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Start Your Presentation With A Bang!

Start Your Presentation With A Bang! 

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For today’s dollop of clear English speech coaching, here’s more advice about starting your presentation with a bang.

1. If you do nothing else to prepare for your speech, make an opener that not only gets people’s attention but makes them think about your theme.

2. For that reason, wait to prepare your opener until after you outline the body of your presentation.

3. Start thinking about your opening when you first agree to give the speech.

Rerun from 08/12/2013 and 11/14/2016

English Speaking Communication: Presentations- Secrets of the Pros for Reading a Speech

English Speaking Communication: Presentations- Secrets of the Pros for Reading a Speech  

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Sometimes pros will read their speech.   I’ve seen pros look and sound very, very good.  They used special strategies to maximize the effectiveness of their presentation.  Here are some of my favorite tips and strategies from the pros:

  • No matter what format you use for delivering the speech (note cards or printed speech), it should probably start out as a full text.  Here you can make sure you are saying what you want to say.  Here you determine pauses and other details of effective delivery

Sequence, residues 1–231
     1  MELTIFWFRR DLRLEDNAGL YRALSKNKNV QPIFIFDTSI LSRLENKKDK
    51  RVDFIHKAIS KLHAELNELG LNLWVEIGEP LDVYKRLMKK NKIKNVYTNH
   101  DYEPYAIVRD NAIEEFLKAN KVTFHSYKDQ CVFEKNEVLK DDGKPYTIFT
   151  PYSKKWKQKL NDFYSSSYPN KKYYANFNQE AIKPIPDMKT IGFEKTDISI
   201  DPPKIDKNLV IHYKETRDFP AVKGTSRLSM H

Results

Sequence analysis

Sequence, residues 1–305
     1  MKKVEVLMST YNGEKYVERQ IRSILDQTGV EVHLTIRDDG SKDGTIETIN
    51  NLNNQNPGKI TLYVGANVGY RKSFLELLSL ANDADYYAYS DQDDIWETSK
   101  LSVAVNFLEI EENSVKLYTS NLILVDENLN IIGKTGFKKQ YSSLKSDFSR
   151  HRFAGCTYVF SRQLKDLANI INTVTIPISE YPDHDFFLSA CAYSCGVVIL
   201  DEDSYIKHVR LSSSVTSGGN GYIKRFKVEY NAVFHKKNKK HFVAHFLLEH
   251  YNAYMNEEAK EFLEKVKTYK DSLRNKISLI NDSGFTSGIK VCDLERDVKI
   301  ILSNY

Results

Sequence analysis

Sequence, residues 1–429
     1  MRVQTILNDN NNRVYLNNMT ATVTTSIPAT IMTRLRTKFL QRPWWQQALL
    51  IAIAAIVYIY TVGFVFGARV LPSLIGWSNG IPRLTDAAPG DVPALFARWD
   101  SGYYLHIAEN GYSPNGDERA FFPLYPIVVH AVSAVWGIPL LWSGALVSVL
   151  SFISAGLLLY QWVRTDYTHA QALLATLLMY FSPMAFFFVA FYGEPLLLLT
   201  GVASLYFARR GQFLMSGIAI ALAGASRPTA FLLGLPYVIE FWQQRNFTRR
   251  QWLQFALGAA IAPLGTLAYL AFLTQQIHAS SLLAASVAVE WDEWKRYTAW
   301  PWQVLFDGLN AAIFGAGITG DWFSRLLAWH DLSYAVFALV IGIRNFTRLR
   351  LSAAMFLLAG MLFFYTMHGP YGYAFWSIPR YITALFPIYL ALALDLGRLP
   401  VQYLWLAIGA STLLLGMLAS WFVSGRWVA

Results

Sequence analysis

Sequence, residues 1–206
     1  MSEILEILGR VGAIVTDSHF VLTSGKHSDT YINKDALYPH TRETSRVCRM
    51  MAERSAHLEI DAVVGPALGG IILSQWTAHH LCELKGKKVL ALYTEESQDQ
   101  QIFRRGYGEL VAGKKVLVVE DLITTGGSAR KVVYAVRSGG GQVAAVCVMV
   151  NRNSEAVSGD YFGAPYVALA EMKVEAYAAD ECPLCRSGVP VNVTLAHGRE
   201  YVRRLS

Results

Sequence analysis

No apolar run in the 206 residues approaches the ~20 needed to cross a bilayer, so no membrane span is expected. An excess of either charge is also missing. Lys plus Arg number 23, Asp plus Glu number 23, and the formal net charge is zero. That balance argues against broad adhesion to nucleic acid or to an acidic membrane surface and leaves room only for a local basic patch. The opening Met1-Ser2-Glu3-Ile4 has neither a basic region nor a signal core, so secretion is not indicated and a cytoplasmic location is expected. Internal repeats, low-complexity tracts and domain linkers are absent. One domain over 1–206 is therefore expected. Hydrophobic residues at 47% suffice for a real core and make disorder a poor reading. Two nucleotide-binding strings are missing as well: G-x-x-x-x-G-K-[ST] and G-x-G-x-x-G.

• As you work over your speech during rehearsals,  make notes on the text.  Use highlighter or underline or circle words.
    • Then you can go right to the phrases that will trigger the train of thought.
    • You have your own personal road map to help you move quickly through the speech and ensure that you don’t lose your place.
    • Your cards or text should include your grabber at the top or on the front page.  This should be memorized so you can deliver it looking right at the audience.  You should try to memorize your conclusion too.

Layout of Printed Speech

  • Print the speech in large, dark, typeface that you can read while standing upright at the lectern.
  • Use upper and lower case, rather than all caps, because it makes it easier to scan.